Governor Napoleon Bonaparte Broward House | Duval County, FL | c. 1878
Built in 1878, this home sits at the literal and figurative crossroads of some incredible Florida history. In 1877, the land where the home stands was purchased by a dentist from New York named Dr. Jonathan Gilbert, but before that, the land had been occupied for thousands of years by Native Americans. In fact, the 2.9 acre parcel where this home stands is almost entirely covered with a Timucuan Indian shell midden and artifacts that date as far back as 3,500 years.
Sitting at the mouth of the St. Johns River where it meets the Atlantic Ocean, this area was important to indigenous tribes and later, to bar pilots who navigated sea-faring ships past a treacherously shifting sandbar nearby. A small village began here known as Pilot Town where most of these bar pilots lived.
The Gilbert family constructed this Folk Victorian style home of 2,723 square feet. It’s lacy porches and filigreed balustrades must’ve made it quite the site in its day and even more so considering that widows walk on the 3rd floor that likely provides lovely views of the river and ocean. Not much is known about the Gilbert Family but in 1897, this home was purchased by Napoleon Bonaparte Broward- for whom the house is now known and named.
‘Florida’s Fighting Democrat’
Broward was an eccentric character, well-known in his home state of Florida, being both loved and hated. Born in rural Duval County in 1857, Napoleon’s family was wealthy but their farm was burned during the Civil War by Union troops who occupied town. The Browards had a difficult time getting back on their feet afterwards and within a few years, both of his parents would pass away, leaving him orphaned by the age of 12.
He and his brother would continue to work the family farm with their grandfather before moving to Jacksonville to work at an uncles timber camp. He would move through various odd jobs in different places as a farm hand, log rafter, ships cook, steamboat deckhand, cod fisherman before returning to Jacksonville in 1878.
He took a job working tugboats on the St. Johns River and in 1883, he married his captain’s daughter, Georgiana Carolina Kemp, ‘Carrie’. She would pass away in childbirth, followed shortly after by their infant son. But Napoleon would remarry in 1887 to Annie Douglass, the daughter of a Northern ship captain with whom he later had 9 children. He became well known as a skilled bar captain.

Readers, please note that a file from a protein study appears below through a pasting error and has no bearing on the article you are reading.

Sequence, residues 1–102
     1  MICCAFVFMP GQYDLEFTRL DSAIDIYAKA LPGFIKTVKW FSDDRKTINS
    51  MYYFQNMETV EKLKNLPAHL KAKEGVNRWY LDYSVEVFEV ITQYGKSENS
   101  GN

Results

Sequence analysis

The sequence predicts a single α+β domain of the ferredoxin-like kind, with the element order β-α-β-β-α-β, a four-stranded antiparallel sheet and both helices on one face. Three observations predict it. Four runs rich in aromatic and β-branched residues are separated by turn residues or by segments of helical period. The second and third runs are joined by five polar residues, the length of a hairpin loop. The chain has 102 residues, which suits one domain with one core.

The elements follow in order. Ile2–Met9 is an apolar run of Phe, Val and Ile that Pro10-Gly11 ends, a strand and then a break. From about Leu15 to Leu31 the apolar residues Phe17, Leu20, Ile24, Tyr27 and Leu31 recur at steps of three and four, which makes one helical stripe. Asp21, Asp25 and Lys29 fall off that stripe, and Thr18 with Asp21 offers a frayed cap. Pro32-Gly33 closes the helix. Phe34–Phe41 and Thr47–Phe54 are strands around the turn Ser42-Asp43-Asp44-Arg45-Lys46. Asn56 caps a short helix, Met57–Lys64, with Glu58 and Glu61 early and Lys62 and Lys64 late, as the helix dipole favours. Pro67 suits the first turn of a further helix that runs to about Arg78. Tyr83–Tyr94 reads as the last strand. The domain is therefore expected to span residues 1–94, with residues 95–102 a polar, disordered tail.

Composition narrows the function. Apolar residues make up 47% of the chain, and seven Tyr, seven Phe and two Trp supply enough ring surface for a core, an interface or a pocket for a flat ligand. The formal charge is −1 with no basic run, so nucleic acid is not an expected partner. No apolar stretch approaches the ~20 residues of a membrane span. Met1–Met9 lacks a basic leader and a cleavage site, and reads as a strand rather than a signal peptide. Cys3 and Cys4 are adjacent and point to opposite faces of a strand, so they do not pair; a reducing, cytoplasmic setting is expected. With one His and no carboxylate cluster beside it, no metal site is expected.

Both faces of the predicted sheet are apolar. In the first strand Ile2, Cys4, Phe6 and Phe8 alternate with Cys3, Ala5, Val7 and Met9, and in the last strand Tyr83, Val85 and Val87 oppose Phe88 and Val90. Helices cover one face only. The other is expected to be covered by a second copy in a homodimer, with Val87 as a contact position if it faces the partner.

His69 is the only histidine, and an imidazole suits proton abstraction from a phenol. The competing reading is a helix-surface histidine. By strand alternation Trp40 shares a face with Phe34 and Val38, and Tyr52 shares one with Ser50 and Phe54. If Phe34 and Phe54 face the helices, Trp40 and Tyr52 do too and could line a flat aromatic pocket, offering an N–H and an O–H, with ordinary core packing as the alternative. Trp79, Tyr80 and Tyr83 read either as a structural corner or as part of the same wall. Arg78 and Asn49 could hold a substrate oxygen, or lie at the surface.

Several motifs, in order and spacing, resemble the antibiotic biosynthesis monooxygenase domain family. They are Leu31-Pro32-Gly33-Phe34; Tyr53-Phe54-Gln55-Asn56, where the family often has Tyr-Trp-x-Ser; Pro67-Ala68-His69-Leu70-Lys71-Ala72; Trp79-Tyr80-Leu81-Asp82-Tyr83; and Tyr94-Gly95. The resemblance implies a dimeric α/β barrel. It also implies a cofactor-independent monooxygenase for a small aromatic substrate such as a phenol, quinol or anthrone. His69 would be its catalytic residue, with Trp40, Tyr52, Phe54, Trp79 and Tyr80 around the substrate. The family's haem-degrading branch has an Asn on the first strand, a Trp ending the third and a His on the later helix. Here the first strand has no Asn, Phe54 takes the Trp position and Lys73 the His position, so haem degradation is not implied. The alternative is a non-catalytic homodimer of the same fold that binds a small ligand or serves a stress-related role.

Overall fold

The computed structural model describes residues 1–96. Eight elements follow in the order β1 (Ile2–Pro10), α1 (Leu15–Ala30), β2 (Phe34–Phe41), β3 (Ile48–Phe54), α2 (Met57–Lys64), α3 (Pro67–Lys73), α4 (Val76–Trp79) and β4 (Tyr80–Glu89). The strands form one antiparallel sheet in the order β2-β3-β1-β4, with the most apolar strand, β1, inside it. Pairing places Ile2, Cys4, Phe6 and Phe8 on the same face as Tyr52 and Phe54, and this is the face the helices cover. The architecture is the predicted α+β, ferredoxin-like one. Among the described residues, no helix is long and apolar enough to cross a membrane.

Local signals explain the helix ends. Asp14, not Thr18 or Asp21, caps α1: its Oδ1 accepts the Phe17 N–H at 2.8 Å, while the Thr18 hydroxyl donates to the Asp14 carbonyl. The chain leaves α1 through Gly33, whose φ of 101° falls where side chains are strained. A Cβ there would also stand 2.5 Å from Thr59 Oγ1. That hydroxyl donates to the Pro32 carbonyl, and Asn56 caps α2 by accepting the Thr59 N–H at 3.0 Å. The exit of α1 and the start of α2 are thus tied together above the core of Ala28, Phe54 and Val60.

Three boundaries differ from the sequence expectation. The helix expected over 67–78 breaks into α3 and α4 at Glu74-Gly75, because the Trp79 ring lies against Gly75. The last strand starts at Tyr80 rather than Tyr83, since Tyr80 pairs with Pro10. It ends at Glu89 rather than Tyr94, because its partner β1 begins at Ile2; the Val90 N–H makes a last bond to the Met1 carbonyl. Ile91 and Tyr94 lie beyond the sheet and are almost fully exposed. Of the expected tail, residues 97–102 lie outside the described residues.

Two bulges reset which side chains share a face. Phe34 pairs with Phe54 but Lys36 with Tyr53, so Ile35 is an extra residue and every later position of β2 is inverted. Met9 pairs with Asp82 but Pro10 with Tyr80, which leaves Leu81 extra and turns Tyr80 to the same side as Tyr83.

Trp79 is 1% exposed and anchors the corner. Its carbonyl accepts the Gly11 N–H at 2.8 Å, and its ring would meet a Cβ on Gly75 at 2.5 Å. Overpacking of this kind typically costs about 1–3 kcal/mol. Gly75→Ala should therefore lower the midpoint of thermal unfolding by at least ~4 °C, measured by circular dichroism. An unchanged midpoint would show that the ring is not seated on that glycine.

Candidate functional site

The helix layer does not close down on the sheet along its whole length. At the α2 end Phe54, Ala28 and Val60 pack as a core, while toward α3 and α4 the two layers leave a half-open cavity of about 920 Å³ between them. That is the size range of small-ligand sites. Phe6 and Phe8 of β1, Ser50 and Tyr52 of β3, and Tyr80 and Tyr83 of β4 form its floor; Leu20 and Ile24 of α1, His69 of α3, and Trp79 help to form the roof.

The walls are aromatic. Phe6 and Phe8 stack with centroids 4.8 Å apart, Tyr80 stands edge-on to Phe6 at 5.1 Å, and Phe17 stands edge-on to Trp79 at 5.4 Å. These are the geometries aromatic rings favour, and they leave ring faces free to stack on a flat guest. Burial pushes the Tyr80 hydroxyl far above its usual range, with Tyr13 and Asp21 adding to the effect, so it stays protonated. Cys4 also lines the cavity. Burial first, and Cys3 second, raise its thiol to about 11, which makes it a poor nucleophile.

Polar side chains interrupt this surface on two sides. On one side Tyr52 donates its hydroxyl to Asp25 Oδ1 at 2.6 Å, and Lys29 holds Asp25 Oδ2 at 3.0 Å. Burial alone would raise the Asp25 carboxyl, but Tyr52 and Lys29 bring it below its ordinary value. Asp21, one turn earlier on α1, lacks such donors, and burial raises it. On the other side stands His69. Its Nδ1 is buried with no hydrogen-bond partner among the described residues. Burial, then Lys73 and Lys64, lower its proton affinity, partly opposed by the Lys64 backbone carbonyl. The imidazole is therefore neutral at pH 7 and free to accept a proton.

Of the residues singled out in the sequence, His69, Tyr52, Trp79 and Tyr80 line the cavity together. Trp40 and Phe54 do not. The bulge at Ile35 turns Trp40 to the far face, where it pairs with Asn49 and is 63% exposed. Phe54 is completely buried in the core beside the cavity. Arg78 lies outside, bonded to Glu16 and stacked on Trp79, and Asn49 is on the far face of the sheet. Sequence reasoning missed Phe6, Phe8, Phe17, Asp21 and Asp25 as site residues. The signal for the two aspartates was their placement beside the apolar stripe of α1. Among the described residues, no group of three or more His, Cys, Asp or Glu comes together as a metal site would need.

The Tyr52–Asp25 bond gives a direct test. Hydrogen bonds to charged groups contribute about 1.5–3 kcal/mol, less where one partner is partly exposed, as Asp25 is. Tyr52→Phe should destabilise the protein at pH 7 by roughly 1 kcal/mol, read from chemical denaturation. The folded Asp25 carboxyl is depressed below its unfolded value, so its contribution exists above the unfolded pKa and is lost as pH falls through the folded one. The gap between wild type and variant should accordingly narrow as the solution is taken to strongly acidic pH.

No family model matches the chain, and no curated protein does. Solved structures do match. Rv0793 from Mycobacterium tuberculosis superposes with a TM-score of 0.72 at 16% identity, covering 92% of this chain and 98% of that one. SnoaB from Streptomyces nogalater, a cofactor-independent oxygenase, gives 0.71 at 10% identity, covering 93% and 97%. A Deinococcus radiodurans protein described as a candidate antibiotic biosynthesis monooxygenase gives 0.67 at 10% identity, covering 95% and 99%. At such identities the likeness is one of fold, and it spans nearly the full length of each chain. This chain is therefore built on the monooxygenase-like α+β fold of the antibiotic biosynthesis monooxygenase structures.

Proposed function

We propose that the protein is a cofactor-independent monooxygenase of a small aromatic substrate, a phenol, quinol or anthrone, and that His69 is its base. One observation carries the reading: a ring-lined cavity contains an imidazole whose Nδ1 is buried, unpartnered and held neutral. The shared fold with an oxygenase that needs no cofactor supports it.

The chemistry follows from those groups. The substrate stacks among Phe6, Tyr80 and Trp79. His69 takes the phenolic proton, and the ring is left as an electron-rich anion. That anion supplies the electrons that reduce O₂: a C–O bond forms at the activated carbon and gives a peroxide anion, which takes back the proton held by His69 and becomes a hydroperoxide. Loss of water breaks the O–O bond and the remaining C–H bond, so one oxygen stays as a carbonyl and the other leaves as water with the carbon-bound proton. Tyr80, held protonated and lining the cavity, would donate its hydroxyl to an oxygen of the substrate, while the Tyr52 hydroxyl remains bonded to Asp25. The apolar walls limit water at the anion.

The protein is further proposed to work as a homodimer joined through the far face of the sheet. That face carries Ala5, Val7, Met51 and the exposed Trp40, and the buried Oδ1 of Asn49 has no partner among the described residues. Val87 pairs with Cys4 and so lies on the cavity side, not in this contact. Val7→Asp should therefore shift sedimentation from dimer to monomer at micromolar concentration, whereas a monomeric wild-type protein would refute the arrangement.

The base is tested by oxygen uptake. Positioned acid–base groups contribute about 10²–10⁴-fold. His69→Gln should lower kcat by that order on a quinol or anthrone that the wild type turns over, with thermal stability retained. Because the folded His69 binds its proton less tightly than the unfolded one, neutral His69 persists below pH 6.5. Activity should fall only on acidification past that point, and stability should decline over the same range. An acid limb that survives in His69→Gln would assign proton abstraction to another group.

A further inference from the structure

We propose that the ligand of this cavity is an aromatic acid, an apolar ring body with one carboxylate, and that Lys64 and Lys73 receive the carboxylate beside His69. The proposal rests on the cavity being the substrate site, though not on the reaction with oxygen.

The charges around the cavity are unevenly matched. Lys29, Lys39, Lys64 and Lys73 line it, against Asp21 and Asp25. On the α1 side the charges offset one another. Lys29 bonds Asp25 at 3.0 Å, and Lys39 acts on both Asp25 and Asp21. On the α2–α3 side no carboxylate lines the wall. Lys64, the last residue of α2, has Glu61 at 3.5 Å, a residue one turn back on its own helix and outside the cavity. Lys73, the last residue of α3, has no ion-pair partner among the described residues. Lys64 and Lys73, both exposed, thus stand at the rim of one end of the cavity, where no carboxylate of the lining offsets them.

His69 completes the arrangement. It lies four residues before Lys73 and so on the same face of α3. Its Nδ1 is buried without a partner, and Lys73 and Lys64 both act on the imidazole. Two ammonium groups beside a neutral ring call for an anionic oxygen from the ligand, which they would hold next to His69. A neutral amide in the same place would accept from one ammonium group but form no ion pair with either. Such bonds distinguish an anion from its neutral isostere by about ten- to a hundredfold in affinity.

Just one year after his new marriage began, Napoleon would enter the public arena, being elected Duval Sheriff in 1888, 1890, and 1896. In 1897, he purchased this home as a Summer Residence for his family. In 1898, the outbreak of the Spanish American War brought with it a new venture for Broward: gun-runner. In the years leading up, he had grown sympathetic to the Cuban cause and eventually ran 8 successful trips to Cuba on his boat, The Three Friends, supplying guns to Cuban insurgents fighting Spain for independence.
Several times he was nearly caught and destroyed by Spanish gunboats. Aware of Broward’s identity, the Spanish ambassador to the U.S. demanded that the American be stopped and his ship impounded. U.S. authorities tried to catch him, but Broward eluded them by loading The Three Friends under cover of darkness in secluded locations, hiding her behind larger ships as she left the St. Johns, and picking up Cubans and munitions from other ships at various points near the mouth of the river. His actions were not only in opposition to Spain’s interests but also a violation of U.S. neutrality laws and earned him celebrity status amongst Floridian’s.
A loud and burly character at over 6 feet and 200 pounds, Broward was striking and well-known as an adventurer. He would spend the rest of his life as a public servant who became known as ‘Florida’s Fighting Democrat.’ Through service as a Sheriff, State Legislator he was both admired and despised in Florida.
Napoleon Bonaparte Broward (right) taking oath from Justice J.B. Whitfield. Behind Broward’s elbow is Secretary of State, H. Clay Crawford. To the right behind Broward in front of the column is retiring Governor W.S. Jennings, c.1905.
But it wasn’t until his service began as the 19th Governor of the State of Florida that earned him his best known actions as an advocate for draining the Florida Everglades to recover land for agricultural cultivation which helped spur development in South Florida.
He referred to the Florida Everglades as “the fabulous muck” that he considered useless swamp as people at that time did not understand its ecology or relation to water table and habitat.
Early in his term, he was often attacked for his drainage program and the land tax he instituted to pay for it. One newspaper noted that, “The treasury will be drained before the Everglades.” Broward gained national prominence through this massive program, eventually involving the federal government and gaining federal funds for the drainage project, supported by President Teddy Roosevelt.